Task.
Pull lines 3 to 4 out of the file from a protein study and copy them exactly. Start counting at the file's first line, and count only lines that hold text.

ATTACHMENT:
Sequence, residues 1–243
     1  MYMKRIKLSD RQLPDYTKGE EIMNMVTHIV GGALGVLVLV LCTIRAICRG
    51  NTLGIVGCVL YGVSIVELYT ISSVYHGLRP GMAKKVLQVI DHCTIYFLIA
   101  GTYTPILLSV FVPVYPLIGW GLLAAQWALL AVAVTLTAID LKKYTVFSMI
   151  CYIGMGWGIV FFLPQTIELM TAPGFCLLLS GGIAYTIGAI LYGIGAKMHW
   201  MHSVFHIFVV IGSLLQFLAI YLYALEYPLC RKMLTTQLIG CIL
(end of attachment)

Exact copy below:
    51  NTLGIVGCVL YGVSIVELYT ISSVYHGLRP GMAKKVLQVI DHCTIYFLIA
   101  GTYTPILLSV FVPVYPLIGW GLLAAQWALL AVAVTLTAID LKKYTVFSMI